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Which one is preferable if you have a straight line 2 feet deep trench in mostly clay soil?

I'll put either one in a sock with gravel.

There are some roots around the trench so I thought the solid pipe would be sturdier.

Any comments on this would be appreciated.

Edit: I need more comments please.

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4 Answers 4

if you use rigid pipe with holes on the bottom, what's to keep the water IN the pipe. if water can seep into the pipe can't it seep out as well? rigid septic drainfield pipe have holes but they are to let septic effluent seep out into the ground. my preference to create a french drain has always been to dig a trench, line the trench with landscape cloth leaving a generous amount at the top to use later. then install the perforated, corrugated pipe, and cover with gravel to whatever depth will accomodate the amount of water runoff you are trying to achieve. at that point i would wrap the gravel at the top like a burrito and finish off with some sort of landscaping such as bark mulch or a layer of sod. sod will need 3-4 in. of soil to grow in. if you have a groundwater seepage problem be sure and make the bottom of the trench lower than the flow of the groundwater. if i were to use rigid/ perforated pipe for a french drain, i would position the holes on the sides, leaving the bottom solid so the water could flow out to daylight thru the street curb or whatever.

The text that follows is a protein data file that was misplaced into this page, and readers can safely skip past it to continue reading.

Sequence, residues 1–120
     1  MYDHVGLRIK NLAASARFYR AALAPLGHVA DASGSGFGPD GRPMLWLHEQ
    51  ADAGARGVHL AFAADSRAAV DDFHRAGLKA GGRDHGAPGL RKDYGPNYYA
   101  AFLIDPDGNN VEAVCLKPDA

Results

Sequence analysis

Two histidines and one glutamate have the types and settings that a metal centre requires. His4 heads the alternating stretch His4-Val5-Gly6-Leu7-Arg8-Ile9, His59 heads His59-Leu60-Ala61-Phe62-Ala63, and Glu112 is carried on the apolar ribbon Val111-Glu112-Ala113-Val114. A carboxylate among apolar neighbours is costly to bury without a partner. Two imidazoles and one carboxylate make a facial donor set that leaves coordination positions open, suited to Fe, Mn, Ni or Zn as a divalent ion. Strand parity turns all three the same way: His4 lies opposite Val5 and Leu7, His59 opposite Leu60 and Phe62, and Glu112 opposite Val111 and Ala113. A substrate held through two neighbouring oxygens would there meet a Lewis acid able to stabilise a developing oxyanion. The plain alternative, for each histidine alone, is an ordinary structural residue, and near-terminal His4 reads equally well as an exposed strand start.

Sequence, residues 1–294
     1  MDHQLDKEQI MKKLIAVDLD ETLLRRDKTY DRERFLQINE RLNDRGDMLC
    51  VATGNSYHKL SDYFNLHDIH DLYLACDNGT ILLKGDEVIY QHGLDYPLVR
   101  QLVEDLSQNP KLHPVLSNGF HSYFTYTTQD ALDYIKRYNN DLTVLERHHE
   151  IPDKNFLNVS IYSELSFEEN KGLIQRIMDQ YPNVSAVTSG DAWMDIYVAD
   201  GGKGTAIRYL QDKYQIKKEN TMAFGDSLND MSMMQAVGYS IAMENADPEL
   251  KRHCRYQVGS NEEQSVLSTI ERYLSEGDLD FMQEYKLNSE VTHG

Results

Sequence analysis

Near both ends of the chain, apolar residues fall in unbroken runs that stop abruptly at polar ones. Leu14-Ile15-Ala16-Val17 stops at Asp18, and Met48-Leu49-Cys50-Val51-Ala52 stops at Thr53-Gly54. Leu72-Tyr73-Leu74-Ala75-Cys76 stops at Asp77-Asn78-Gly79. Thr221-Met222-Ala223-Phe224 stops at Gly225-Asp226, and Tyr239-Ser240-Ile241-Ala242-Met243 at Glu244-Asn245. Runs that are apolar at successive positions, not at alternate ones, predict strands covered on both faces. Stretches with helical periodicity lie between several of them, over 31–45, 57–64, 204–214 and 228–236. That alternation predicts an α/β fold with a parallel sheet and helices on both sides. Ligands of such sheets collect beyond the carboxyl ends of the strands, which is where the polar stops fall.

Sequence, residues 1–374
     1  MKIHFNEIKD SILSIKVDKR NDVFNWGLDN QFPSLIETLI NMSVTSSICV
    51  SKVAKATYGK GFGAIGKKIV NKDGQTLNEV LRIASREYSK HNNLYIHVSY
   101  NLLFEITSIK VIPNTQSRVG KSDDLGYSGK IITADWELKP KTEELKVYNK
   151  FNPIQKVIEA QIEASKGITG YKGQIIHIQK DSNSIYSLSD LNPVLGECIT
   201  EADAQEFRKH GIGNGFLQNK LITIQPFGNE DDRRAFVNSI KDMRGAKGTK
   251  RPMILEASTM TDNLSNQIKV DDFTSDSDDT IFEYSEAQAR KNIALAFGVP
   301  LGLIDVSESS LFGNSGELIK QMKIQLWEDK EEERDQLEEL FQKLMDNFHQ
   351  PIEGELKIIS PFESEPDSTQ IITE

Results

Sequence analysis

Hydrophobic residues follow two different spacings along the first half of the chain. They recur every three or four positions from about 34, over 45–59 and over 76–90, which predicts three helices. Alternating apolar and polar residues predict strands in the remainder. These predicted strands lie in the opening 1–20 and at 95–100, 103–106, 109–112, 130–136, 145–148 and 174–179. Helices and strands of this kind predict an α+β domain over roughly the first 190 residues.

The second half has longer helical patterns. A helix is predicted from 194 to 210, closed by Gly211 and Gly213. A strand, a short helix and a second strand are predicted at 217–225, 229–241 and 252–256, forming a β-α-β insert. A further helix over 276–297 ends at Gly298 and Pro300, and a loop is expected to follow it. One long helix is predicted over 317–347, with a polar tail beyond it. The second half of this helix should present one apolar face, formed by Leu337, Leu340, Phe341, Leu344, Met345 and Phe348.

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It's a French drain. The gravel filled ditch captures the water, the perforated rigid pipe is a drain at the bottom of the ditch that offers free flow. You need holes in it so water enters the pipe and flows out. Quite the reverse from what you ask in the first sentence. Anyone who has had to install a French drain understands that no water is going to be seeping out of the pipe, you have so much water flooding the ditch that it will be rushing into the pipe to flow to the outlet. –  Fiasco Labs Jan 28 '13 at 22:11

Tim Carter at AskTheBuilder.com has a lot of articles on French/Trench drains. He likes solid pipe and I agree. You are correct in that the holes point DOWN. Here's why - the water won't magicially find the holes if they are pointed up, but if they are down, the water can fill the trench and then flow into the pipe. Put a cleanout on the upper end if you can, if you don't want it sticking out of the ground, then come up with a 45 elbow and bury the cap right below the ground. I would NOT put a sock on the pipe. That will just clog. If dirt gets into the pipe, most will flow out because its rigid, and hopefully you can put a cleanout on it, or you can run a snake in from the outlet. I would put some straw or landscape fabric right under the top soil. Use 3/4 gravel as filler, not smaller. Read Tim's articles if you get a chance.

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I was going to put not only a sock but also garden fabric around the gravel (all 4 sides: bottom, sides and overlap it on the top). My thinking was that this way the sock has lower chance of clogging. –  Peter Q Apr 21 '11 at 11:46
    
I had not thought about the clean out on top; thanks for the idea. –  Peter Q Apr 21 '11 at 11:51